It was a nail-biter at the end, sure, but the Chiefs beat the Raiders on a day where they lost the heart of their defense and lost the turnover battle 3-0. They’re just BETTER than the Raiders. And speaking of better, they have also marched into Mile High and beaten the Broncos. And now they’ve beaten a team that crushed the Broncos twice. The AFC West belongs to the Chiefs, and the Chiefs alone. That’s message number 1.

Message Number 2 is to the NFL at large. I’m going to put it in nice big letters for the sake of ... I dunno, feeling like I’m splitting this article up nicely, I guess.

The Chiefs are not a team you want to play in the postseason

Let’s go over the last three weeks of the Chiefs season, shall well?

They went to Denver and played the Broncos, who have arguably the best defense in the league. They then went to Atlanta and played the Falcons, who have arguably the best offense in the league. Then, on a short week, they played a red-hot Oakland Raiders team that boasted a great (well, supposedly) offense and had won six consecutive games before coming to Kansas City.

When you take out the games they played against the Chiefs, those three opponents’ combined record is 25-8. Every one of them has been talked about (repeatedly) as a potential Super Bowl contender. I would argue that no team has faced a tougher three-game stretch than at Denver, at Atlanta, then against Oakland this season. I wrote weeks ago that this stretch would tell us whether the Chiefs are contenders or pretenders. Well, the results are in, and the Chiefs have hung a sign out of their window that says “CONTENDERS” in giant red letters.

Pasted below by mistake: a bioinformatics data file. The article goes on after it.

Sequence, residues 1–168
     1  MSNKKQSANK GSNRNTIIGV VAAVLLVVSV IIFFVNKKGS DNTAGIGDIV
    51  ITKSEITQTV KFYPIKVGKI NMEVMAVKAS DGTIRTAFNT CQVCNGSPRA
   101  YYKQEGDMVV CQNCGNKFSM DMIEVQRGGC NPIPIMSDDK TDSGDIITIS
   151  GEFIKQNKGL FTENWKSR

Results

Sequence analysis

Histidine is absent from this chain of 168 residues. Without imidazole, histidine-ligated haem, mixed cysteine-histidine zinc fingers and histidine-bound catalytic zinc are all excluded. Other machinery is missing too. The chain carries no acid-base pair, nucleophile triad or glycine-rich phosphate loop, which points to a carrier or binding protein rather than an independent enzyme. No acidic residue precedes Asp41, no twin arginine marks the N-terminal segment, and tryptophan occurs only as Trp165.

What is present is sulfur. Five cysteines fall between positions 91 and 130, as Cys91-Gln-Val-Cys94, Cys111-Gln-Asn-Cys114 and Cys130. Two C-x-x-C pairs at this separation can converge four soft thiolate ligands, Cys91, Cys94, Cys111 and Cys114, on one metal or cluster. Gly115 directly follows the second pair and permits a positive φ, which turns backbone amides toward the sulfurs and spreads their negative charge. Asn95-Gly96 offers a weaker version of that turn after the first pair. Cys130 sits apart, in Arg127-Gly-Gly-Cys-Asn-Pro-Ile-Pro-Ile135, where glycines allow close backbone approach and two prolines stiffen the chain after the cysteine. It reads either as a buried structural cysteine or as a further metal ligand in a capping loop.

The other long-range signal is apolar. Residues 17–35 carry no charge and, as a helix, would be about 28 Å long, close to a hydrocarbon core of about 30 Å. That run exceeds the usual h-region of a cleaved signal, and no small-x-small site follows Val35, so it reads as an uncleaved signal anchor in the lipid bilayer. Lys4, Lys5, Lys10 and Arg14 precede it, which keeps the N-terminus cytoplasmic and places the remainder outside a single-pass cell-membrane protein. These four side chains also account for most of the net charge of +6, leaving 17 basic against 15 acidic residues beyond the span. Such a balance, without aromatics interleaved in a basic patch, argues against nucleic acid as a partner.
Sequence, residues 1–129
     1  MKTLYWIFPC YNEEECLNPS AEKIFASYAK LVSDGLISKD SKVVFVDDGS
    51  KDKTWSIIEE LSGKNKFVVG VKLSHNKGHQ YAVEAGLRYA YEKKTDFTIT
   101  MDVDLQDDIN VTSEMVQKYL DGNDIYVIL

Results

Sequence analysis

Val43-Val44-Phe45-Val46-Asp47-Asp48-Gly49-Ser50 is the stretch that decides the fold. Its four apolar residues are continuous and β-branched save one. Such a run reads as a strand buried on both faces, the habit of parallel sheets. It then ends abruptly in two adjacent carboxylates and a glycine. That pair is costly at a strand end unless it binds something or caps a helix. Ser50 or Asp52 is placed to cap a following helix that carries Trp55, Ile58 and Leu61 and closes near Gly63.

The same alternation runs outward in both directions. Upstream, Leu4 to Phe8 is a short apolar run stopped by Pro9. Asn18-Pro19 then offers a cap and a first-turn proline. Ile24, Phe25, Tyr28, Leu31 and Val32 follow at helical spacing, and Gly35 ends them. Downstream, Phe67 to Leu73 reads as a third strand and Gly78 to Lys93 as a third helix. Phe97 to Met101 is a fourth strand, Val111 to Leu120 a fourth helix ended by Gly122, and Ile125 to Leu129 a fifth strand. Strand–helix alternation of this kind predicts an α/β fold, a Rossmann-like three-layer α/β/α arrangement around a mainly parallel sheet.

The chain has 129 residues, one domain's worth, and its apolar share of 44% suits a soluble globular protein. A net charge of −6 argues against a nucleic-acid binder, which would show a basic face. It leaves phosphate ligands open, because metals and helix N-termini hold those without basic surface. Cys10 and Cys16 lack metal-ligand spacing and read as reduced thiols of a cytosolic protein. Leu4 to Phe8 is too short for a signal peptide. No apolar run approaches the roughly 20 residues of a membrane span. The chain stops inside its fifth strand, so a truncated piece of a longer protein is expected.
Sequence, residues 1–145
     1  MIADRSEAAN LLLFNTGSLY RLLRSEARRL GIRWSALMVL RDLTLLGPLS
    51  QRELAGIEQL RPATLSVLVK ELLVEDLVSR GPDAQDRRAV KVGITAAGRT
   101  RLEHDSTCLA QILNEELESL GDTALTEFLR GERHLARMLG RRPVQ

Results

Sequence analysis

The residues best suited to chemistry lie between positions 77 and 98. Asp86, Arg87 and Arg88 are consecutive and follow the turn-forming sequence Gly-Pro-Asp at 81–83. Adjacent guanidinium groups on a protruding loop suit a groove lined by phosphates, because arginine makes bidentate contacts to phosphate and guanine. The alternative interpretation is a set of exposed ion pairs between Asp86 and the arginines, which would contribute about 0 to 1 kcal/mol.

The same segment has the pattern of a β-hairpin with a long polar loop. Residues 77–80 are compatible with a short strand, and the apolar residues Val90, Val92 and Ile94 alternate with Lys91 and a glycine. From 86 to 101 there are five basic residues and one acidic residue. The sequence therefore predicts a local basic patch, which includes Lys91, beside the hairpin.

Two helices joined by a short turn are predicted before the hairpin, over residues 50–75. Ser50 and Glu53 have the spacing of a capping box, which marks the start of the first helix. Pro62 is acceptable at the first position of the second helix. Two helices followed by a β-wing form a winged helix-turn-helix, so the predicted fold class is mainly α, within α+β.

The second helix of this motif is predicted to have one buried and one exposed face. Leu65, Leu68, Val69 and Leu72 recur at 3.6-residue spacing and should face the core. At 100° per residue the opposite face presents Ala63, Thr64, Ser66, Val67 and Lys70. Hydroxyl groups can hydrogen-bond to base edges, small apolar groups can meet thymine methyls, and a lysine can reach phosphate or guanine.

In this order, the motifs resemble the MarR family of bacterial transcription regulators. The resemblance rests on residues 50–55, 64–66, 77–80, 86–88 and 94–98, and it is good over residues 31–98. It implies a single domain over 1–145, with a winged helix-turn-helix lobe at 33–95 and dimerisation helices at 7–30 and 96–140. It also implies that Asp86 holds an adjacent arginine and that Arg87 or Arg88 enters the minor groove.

They’ve come back from down eight with less than three minutes left in the fourth quarter on the road against a great defense. They’ve stood and traded shots with a fantastic offense. They’ve faced an incredibly moment of deflation in losing their defensive soul AND all momentum against a team that’s built to take advantage of such moments... and then sucked it up and hung on, swatting away a comeback attempt like so many passes in the direction of Marcus Peters.